Man With Neo-Nazi Ties Buys Up Properties In Area 51 Town


Denizens of Rachel, Nev., a small town on the edge of the road to the mysterious Area 51 military base are having a close encounter of the white supremacist kind.

The deserts surrounding Area 51 are ground zero for UFO sightings and alien abductions, but some local residents who have been unfazed by the rumored extraterrestrial activity were alarmed to learn a man who has been buying up real estate in the area has a history of ties to neo Nazi groups.

“I was in shock. I didn’t want to believe,” Pat Travis, a co-owner of Rachel’s sci fi-themed Little A’Le’Inn told Las Vegas television station KLAS.

According to KLAS, Richard Bunck has recently purchased a trailer park and RV lot in Rachel as well as the town’s only gas station and convenience store. After making these purchases, KLAS reported that Bunck closed down the properties. Bunck previously made headlines while running for city council in California in 1998 when reporters uncovered the fact he was arrested at a Nazi rally in 1971 and photographed by police a year later standing under a swastika and wearing a Nazi uniform at another rally.

Bunck initially denied attending the rallies, the Los Angeles Times reported at the time. But on the night before the election, Bunck conceded that he was involved with neo-Nazi groups decades earlier. He said he only participated in white supremacist activities as an FBI informant. After losing the election, Bunck fully admitted his past as a neo-Nazi and said he was convinced to change his ways by a Baptist pastor named John Hale McGee.

However, reporters also unearthed evidence of McGee’s ties to Nazis during that 1998 election. As Bunck ran for City Council, McGee tried to win a seat in the U.S. House of Representatives with Bunck serving as his campaign manager. McGee’s bid was derailed after reporters found law enforcement files showing that, in 1977, McGee opened a bookstore called JHM Baptist Books where he displayed a swastika on the wall and distributed fliers encouraging customers to “find out the truth about the Nazis.”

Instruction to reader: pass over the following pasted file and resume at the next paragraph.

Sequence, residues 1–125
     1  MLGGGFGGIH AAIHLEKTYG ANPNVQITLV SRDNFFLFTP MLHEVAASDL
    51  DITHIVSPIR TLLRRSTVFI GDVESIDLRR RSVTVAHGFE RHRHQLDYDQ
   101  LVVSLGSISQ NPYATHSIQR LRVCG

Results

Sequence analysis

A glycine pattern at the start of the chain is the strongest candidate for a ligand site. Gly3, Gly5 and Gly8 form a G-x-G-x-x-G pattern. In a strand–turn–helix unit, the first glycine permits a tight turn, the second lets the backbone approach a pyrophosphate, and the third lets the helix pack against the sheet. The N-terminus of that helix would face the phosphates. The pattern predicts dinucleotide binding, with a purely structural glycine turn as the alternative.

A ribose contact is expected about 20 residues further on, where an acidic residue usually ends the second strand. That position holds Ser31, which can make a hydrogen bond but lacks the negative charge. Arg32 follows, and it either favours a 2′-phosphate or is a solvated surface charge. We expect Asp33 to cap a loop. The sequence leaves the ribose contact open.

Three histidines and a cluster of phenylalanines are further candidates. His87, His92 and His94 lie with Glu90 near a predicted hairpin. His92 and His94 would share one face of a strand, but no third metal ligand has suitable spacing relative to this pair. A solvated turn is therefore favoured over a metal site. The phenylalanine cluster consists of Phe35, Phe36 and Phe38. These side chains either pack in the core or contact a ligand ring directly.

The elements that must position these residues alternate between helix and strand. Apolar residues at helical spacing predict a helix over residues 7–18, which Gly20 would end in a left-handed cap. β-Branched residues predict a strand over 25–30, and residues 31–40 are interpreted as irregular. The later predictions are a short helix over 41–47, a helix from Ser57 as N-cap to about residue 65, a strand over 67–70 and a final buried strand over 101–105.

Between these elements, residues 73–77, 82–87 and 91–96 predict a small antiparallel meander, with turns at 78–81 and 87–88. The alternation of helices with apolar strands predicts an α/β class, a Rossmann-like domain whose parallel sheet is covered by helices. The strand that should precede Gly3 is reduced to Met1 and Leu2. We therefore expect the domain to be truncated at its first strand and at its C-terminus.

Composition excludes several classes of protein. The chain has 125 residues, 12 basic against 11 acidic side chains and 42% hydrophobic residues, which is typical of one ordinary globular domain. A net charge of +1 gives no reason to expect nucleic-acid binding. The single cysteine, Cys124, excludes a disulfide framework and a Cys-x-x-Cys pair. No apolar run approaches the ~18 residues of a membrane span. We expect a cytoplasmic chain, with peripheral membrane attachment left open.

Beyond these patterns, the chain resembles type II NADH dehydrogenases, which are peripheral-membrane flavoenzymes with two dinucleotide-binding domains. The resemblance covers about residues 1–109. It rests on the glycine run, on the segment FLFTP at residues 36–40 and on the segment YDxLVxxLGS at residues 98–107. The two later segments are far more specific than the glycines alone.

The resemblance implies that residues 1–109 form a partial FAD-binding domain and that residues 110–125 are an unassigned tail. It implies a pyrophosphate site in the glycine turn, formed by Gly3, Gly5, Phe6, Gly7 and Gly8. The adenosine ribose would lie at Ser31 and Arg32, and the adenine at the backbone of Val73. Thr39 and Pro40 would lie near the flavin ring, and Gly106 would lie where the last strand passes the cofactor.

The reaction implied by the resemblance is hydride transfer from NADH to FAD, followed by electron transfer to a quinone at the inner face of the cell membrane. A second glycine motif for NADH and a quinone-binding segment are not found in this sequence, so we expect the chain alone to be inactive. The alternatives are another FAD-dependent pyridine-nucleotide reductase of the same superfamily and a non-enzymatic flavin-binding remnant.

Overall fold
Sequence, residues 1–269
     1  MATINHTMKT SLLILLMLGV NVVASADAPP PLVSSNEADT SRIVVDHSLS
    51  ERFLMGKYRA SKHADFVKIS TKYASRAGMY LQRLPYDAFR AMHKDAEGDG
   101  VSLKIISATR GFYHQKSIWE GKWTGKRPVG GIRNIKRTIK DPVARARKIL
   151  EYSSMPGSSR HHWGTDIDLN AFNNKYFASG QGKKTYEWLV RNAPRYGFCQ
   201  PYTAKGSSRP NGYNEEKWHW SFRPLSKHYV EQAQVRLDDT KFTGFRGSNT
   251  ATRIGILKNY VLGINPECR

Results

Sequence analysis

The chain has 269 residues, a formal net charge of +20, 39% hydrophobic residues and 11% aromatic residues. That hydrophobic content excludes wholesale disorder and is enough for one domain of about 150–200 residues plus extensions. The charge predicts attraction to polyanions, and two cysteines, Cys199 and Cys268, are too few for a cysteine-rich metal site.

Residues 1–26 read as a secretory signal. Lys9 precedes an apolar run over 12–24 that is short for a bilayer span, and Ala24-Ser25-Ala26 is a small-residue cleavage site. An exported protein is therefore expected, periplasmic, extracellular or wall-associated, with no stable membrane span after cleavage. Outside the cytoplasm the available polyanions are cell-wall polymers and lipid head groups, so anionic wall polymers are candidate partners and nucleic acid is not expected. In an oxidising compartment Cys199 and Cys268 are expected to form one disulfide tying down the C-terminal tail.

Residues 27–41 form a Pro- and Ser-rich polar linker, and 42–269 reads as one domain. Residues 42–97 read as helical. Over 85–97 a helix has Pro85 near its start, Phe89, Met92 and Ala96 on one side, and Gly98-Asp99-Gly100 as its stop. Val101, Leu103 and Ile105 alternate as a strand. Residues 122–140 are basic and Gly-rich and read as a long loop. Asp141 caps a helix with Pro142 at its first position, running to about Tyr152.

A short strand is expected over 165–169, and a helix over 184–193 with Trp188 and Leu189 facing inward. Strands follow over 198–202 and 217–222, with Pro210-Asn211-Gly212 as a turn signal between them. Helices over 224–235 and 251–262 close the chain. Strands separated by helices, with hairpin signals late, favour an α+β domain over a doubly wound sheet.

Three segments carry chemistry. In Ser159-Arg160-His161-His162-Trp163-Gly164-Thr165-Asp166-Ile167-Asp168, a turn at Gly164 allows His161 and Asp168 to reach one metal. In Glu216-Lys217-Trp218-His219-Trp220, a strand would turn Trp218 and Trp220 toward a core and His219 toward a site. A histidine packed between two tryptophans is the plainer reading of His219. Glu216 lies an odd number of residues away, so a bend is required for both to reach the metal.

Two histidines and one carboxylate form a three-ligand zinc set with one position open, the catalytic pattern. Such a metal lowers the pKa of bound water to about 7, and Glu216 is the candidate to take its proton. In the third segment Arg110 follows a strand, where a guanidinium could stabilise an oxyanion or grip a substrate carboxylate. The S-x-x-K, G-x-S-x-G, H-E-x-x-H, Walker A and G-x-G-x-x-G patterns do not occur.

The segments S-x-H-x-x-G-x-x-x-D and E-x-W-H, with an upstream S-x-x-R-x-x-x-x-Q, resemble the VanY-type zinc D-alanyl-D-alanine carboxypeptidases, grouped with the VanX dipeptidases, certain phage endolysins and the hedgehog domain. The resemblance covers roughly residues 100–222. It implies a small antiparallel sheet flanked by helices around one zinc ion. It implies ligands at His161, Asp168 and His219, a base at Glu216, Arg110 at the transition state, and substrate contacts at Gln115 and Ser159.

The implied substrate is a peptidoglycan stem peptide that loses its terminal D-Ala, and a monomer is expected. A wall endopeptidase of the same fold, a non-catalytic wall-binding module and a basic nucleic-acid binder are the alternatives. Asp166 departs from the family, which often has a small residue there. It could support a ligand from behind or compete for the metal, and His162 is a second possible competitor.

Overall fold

Like Bunck, McGee denied allegations he was a neo-Nazi and said he only mingled with skinheads to convert them to Christianity. In spite of these denials, in 1999, the LA Times spoke to experts from the Simon Wiesenthal center and neo-Nazis who said McGee was indeed a white supremacist.

“Most of his best friends are Nazis,” Tom Metzger, the founder of the White Aryan Resistance, said of McGee. “The problem with a lot of right-wing racial types who want public office is they lie about their views.”

Though KLAS said McGee has since passed away, there are indications Bunck’s current activities in Rachel are linked to his former friend and their neo-Nazi past. KLAS reported Bunck transferred his properties to a company under the name JHM Baptist Church, using the same initials McGee’s former bookstore. Bunck also operates a contracting business in Las Vegas called JHM of Nevada Inc.

KLAS said they were unable to reach Bunck, who angrily confronted a Rachel resident who asked about his past. Bunck also has not responded to a request for comment from TPM.